About isobaric enclosures...
Again this is not a new concept, having been originally introduced by Harry Olson in the early 1950's. Technically, "isobaric" is not really an enclosure type; it is a loading method. This loading method involves the coupling of two woofers to work together as one unit. This is typically accomplished either by placing two woofers face to face or by coupling two woofers with a small chamber. The result of coupling the two speakers is that the coupled pair (iso-group) can now produce the same frequency response in half the box volume that a single speaker of the same type would require. For example, if a speaker is optimized for performance in a 1 cu.ft. sealed enclosure, one iso-group of the same speakers can achieve the same low frequency extension and overall response characteristics in a 0.5 cu.ft. sealed enclosure.
There is, of course, a penalty involved. Whenever you use isobaric loading, you are sacrificing 3dB of efficiency compared to a single driver in twice the air space. In practical terms, this is not usually a big deal since the powerhandling is doubled (two speakers instead of one), so the end result is about the same output as the single driver in the bigger box, assuming you double the amplifier power.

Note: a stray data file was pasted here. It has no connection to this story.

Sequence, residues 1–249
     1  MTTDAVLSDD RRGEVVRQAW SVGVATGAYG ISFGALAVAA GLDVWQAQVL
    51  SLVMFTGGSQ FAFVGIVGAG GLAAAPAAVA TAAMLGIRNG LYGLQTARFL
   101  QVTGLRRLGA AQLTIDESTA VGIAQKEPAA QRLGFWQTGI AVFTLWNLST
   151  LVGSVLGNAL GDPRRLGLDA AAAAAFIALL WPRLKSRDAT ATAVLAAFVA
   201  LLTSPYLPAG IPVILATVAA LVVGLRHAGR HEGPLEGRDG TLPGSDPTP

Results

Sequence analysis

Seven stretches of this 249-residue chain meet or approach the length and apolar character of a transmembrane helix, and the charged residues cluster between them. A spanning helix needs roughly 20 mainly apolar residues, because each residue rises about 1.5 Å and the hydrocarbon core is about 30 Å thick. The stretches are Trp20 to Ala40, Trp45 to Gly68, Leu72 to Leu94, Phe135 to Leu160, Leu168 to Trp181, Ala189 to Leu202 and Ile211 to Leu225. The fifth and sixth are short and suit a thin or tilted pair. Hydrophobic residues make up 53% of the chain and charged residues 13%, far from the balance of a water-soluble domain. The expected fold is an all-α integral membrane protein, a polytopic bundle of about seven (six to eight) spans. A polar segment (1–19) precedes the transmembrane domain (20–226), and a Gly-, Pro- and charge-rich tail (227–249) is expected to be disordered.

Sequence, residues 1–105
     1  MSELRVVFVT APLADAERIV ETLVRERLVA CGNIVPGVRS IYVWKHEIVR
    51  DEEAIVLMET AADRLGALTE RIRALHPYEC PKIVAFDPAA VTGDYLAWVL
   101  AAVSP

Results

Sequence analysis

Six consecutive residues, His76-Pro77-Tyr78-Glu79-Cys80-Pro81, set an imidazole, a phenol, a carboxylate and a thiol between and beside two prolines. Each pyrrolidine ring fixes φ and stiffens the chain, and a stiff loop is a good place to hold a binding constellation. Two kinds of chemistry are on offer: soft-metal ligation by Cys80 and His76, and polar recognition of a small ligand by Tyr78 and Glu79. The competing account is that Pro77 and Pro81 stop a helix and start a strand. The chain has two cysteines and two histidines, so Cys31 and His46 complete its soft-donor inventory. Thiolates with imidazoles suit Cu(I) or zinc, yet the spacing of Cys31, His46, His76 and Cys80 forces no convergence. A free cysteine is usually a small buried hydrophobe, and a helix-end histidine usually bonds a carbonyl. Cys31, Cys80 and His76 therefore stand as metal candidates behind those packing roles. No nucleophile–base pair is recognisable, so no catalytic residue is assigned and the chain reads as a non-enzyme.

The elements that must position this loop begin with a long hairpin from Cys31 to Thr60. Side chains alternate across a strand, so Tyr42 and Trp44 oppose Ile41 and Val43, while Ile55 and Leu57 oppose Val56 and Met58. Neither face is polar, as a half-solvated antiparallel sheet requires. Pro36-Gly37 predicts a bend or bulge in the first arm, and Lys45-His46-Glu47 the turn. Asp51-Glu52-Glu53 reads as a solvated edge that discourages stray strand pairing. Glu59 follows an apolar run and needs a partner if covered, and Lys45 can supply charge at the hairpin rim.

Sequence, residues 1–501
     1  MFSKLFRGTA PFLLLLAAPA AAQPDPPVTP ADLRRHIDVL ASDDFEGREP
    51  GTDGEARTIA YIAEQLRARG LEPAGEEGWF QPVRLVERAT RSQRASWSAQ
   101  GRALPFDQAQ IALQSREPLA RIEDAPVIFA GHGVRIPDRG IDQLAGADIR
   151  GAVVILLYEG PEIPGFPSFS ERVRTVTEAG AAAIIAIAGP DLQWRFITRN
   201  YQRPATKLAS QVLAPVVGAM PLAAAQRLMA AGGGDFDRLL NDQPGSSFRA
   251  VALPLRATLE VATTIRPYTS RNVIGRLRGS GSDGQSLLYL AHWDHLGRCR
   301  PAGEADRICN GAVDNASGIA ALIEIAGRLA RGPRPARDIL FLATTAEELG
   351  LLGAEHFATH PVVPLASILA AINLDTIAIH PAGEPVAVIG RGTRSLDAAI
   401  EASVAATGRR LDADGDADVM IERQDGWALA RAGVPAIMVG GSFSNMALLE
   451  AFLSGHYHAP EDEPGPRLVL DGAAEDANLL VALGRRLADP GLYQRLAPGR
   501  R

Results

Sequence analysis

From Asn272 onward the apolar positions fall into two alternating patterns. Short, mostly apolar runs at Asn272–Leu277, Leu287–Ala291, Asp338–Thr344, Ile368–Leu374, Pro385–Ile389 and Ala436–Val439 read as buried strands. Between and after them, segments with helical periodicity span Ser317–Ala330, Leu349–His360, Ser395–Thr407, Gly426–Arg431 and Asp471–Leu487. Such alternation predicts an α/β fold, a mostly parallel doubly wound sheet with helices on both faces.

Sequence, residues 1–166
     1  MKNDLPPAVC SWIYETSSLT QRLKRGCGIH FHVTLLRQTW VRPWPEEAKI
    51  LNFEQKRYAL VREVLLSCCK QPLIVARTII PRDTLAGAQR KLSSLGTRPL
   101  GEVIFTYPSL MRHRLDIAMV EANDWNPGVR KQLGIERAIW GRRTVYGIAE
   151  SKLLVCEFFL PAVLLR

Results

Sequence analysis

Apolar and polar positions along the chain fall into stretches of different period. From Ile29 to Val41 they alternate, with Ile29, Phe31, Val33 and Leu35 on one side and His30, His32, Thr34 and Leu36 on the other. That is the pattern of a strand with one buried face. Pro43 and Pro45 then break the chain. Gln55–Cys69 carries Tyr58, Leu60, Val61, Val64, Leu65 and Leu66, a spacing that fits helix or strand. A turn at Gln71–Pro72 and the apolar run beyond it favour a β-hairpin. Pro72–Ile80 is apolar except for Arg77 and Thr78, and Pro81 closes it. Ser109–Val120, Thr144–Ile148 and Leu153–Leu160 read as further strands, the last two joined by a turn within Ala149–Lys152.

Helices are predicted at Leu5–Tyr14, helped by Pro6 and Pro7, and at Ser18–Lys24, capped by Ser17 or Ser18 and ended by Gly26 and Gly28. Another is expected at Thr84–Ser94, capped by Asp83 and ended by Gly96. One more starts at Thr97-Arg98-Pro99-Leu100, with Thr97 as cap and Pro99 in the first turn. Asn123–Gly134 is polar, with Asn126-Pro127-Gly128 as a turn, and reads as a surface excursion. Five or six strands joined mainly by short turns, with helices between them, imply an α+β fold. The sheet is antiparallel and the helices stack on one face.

Isobaric loading can be used within any enclosure type, including bandpass designs. The ported and bandpass isobaric designs can be difficult to design and build due to very small enclosures with large port requirements. Isobaric bandpass designs, in particular, can be literally impossible to build with certain speakers. There are some things to look out for with each type of isobaric design, such as mechanical noise and uneven heat dissipation which can present potential sound quality and reliability problems. All the methods which involve opposite cone motion require that the speakers be wired in reverse polarity relative to each other. These designs also provide a performance advantage because their opposed cone motion averages out suspension non-linearities (differences in inward and outward suspension control), which reduces distortion.
If you are strapped for space and can afford the extra speakers and more complex enclosure, the ability to have a compact subwoofer system with no real sacrifice in performance is well worth the extra effort and expense. On the other hand, if you have a lot of space and are looking to get the maximum amount of output without sacrificing sound quality, using multiple iso-groups can give you the best cone area/box volume ratio while still retaining good fidelity. Isobaric loading is not as popular today as it was in the early days of car audio subwoofer design. Why? Today's car audio woofers are designed for much smaller enclosures than their forebears, making the need for isobaric loading rare.
More on isobariks:
If you're interested in using an iso-loaded subwoofer system in your vehicle, you should be aware of the benefits and detractions of the different isobaric configuration options available to you. Click here to learn more about various Isobaric Enclosure Types.